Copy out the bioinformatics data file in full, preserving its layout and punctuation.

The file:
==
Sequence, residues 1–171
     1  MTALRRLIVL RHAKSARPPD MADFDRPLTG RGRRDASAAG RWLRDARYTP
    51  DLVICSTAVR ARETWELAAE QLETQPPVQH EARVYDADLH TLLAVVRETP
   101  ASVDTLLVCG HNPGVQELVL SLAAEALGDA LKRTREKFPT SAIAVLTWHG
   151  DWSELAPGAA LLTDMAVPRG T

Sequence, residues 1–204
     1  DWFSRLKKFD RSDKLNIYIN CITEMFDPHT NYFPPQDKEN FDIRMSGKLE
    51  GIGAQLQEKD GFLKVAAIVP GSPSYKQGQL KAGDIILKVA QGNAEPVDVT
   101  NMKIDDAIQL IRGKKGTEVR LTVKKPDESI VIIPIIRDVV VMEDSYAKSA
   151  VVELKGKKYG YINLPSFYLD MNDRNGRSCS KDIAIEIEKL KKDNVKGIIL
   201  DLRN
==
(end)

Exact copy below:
Sequence, residues 1–171
     1  MTALRRLIVL RHAKSARPPD MADFDRPLTG RGRRDASAAG RWLRDARYTP
    51  DLVICSTAVR ARETWELAAE QLETQPPVQH EARVYDADLH TLLAVVRETP
   101  ASVDTLLVCG HNPGVQELVL SLAAEALGDA LKRTREKFPT SAIAVLTWHG
   151  DWSELAPGAA LLTDMAVPRG T

Sequence, residues 1–204
     1  DWFSRLKKFD RSDKLNIYIN CITEMFDPHT NYFPPQDKEN FDIRMSGKLE
    51  GIGAQLQEKD GFLKVAAIVP GSPSYKQGQL KAGDIILKVA QGNAEPVDVT
   101  NMKIDDAIQL IRGKKGTEVR LTVKKPDESI VIIPIIRDVV VMEDSYAKSA
   151  VVELKGKKYG YINLPSFYLD MNDRNGRSCS KDIAIEIEKL KKDNVKGIIL
   201  DLRN